Isn't technology wonderful?
It has taken some tweaking but I'm getting my tech set up just the way I want. First, my Garmin Connect account. Garmin recently launched a new version of Garmin Connect that is very customizable. It allows you to get a pretty comprehensive glance at what you are doing.

If you own a Garmin device, I invite you to take the time to set up this page to your liking. Move things around, add and take off things according to your needs. Once you do, it will make your life so much easier. I have also linked my Garmin account with MyFitnessPal. Doing so sends my calorie consumption from MyFitnessPal to Garmin Connect and in return Garmin sends my workouts and calories burned to MyFitnessPal. Isn't that awesome? Plus, Garmin sends my workouts directly to both Strava and Beginner Triathlete. In the past I have talked about how much I like Garmin Connect but find their social component a bit lacking. Since I was having trouble with Dailymile, and since Strava seems to be the weapon of choice for cyclists and triathletes I'm sending data there. Having my info on these two sites lets me connect with other people and motivate each other.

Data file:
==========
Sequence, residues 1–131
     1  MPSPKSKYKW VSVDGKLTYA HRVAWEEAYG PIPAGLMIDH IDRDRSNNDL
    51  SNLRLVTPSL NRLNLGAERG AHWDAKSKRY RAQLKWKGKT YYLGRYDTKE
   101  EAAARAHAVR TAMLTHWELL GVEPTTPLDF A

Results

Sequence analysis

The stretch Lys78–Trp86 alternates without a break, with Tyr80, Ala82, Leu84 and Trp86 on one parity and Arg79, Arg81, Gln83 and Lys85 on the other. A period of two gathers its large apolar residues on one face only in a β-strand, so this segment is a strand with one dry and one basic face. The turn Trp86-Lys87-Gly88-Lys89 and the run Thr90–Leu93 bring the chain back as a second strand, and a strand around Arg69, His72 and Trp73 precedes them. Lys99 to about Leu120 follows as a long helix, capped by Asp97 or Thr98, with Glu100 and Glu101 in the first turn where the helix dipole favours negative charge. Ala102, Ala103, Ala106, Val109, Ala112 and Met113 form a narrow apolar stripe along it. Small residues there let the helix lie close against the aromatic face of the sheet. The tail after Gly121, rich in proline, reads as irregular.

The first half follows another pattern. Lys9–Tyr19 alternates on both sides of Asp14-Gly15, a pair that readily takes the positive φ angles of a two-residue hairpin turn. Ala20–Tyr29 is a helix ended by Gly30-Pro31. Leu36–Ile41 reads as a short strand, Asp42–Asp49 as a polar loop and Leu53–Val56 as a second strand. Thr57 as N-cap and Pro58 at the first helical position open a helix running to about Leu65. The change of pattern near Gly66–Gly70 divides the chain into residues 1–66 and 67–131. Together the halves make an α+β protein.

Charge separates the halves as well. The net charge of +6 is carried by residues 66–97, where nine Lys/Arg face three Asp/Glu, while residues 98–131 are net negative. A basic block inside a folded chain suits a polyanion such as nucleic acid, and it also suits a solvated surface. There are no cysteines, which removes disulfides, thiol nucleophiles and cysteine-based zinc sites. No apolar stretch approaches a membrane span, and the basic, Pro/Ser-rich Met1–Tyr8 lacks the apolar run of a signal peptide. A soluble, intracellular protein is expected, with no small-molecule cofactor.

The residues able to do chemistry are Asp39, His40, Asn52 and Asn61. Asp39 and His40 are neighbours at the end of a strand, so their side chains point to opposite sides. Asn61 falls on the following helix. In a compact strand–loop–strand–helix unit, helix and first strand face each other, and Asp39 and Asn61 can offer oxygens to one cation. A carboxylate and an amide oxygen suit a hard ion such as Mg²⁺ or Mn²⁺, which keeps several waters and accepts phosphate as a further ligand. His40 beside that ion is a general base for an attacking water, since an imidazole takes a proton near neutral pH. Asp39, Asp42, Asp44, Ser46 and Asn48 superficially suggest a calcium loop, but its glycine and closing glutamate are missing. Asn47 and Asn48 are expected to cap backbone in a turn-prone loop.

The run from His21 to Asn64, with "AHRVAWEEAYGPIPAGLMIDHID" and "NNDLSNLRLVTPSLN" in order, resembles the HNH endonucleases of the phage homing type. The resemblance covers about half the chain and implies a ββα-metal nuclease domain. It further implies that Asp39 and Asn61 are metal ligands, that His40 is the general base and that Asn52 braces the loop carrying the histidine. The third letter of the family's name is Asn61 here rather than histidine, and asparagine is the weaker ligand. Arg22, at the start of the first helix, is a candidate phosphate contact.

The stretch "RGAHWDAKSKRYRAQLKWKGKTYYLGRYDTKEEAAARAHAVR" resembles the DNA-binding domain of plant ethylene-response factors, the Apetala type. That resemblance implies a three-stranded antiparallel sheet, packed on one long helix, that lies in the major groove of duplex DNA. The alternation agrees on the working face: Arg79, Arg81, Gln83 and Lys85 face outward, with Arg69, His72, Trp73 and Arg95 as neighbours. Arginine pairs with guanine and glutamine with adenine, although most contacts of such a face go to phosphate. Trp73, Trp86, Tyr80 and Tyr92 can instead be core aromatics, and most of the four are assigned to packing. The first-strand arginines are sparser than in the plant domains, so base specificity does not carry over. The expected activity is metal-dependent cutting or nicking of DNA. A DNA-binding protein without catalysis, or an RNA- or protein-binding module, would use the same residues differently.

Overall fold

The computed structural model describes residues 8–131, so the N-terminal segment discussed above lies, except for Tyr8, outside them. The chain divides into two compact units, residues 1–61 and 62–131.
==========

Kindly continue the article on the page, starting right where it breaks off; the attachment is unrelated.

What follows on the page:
So look me up in those sites if you want to connect. At Garmin Connect I'm TheFatRunner, at Strava I'm Frank Pizarro and uziel5000 at Beginner Triathlete. You can find me at Dailymile under TheFatRunner21. I still have not given up trying to make it work so we'll see. You might still be able to catch me there.

So multi-sport training is under way! What I still haven't started is an actual, structured training plan. So far I'm just logging time in all three sports. As the year moves further along and I set an actual race (and race date) then I can dive into one of those.

Friday, January 23, 2015

To Goofy or not to Goofy... that is the question

Choices have to be made. Oh, the horror...

As I have posted several times, I would like to do the Goofy Challenge in 2016. As early as this time last year, I made it very clear that the Goofy Challenge was in my list of long term goals and that 2016 was the year to do it. You might also remember that after tackling the Disney Marathon without my wife and daughters, I vowed that my next runDisney experience would include them for sure. Next April, Marathon Weekend registration goes on sale and everything is going according to plan. Except for one thing.

My family doesn't want to go.

No, they are not insane. No, really. And it's not that they don't want to go perse. There is a perfectly good reason for this turn of events and while I kind of understand, I'm still kind of shocked a little bit. My daughters are not only Disney fans through and through, but HUGE Frozen fans so you would expect them to be ecstatic at the prospect of going to Disney World, especially with all the Frozen stuff happening at the parks. But no. Given the choice, they want to do something else. They want to go on a Disney cruise.